Glioblastoma - a universally fatal form of brain cancer - is known for its ability to hijack immune checkpoints and evade detection and destruction by the body's immune defenses. But many of the details underlying this feat remain unknown. A new study by investigators from Brigham and Women's Hospital finds that some types of glioblastoma tumors may be able to shed extracellular vesicles (EVs) - small packages of biomaterial - that can help to suppress the body's ability to mount an immune response against the tumor. In addition, the team detected DNA levels from these EVs in blood samples from patients with glioblastoma, suggesting that they could potentially serve as a biomarker of the disease. The team's results are published online this week in Science Advances.
"This is the first time that anyone has observed that immune checkpoints can operate through extracellular vesicles and not just through the cell surface," said co-corresponding author Sean Lawler, PhD, of the BWH Department of Neurosurgery. "This is a new concept, suggesting that these vesicles can work more distantly from the tumor cells."
Immune checkpoint inhibitors are already in the clinic and in clinical trials for glioblastoma, but challenges remain. The current study identifies a new mechanism through which tumor cells may be able to suppress the activation of T cells, which have the ability to attack cancer cells. When tumors shed EVs, the vesicles can contain biological materials - including DNA and RNA - that can help tumor cells thrive. In the current study, researchers found that EVs derived from glioblastoma stem-like cells contained PDL-1 - a key component that tumor cells can use to deactivate T cells, protecting themselves from detection.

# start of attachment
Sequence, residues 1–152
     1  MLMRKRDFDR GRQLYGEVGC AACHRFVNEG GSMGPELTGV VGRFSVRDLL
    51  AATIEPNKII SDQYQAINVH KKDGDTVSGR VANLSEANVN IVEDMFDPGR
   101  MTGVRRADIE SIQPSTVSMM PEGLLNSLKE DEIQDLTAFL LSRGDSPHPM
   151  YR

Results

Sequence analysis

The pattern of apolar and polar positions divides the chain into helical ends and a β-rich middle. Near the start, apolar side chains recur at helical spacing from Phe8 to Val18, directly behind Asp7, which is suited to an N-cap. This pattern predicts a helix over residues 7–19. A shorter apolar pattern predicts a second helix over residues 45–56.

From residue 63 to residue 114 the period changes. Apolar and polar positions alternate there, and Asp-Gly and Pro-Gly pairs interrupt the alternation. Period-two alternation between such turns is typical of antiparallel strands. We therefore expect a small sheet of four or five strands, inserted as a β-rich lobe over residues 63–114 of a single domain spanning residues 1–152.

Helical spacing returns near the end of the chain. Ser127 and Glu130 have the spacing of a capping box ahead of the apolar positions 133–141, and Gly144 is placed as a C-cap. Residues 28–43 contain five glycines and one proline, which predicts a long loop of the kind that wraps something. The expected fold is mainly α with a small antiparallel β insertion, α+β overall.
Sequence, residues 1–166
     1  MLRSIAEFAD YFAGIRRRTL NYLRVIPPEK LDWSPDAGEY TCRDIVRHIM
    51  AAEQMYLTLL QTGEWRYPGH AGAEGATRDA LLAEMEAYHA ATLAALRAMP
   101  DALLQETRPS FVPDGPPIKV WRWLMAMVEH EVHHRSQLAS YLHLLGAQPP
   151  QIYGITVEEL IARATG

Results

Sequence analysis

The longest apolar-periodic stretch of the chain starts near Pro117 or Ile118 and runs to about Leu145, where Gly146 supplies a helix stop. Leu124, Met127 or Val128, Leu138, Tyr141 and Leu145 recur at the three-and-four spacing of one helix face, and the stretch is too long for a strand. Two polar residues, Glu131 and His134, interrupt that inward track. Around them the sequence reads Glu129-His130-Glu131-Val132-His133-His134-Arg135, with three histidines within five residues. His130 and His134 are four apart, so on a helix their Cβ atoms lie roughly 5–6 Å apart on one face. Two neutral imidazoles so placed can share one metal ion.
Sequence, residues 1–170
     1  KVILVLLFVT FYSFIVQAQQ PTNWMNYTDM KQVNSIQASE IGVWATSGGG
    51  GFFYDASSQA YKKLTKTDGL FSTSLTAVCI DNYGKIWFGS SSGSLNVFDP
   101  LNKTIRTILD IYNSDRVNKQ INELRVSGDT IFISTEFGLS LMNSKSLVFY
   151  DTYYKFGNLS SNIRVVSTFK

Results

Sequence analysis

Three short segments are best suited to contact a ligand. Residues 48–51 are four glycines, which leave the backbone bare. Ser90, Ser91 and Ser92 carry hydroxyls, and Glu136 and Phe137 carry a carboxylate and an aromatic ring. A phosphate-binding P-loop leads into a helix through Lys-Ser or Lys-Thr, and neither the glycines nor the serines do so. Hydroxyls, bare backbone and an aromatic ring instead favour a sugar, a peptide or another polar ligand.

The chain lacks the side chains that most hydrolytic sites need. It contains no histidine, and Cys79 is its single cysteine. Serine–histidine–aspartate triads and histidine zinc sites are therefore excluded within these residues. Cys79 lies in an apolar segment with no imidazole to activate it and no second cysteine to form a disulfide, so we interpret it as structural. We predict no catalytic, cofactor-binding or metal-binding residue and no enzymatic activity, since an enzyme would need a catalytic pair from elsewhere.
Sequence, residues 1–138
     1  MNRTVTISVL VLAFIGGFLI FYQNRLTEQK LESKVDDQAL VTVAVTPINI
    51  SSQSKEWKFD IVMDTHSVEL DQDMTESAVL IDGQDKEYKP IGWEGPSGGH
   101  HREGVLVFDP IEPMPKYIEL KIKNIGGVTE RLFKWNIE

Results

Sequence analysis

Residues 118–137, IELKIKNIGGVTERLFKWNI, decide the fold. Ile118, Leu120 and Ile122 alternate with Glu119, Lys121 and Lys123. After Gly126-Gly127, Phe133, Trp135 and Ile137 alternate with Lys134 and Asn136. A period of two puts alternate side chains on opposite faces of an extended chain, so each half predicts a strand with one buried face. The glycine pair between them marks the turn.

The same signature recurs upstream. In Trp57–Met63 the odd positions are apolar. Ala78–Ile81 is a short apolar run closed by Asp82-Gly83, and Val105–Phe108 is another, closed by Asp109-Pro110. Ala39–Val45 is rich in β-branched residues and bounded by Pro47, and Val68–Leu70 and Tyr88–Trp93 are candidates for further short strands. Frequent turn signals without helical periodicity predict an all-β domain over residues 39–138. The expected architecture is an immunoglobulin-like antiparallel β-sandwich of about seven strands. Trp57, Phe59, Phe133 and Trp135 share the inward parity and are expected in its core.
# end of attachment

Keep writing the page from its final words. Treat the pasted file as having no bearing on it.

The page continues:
The research team then analyzed blood samples collected from healthy people and from patients with glioblastoma. They found that 14 of 21 patients tested showed enrichment of PDL-1 DNA in isolated EVs. They also correlated DNA abundance with glioblastoma tumor volume, finding a significant correlation between PDL-1 DNA abundance and tumor size, for tumors up to 60 cubic centimeters.
The authors acknowledge that due to the small sample size, follow up studies are needed to determine if their results are reproducible and if PDL-1 DNA on EVs can provide a viable biomarker for glioblastoma. They are continuing to follow up on these findings in the lab.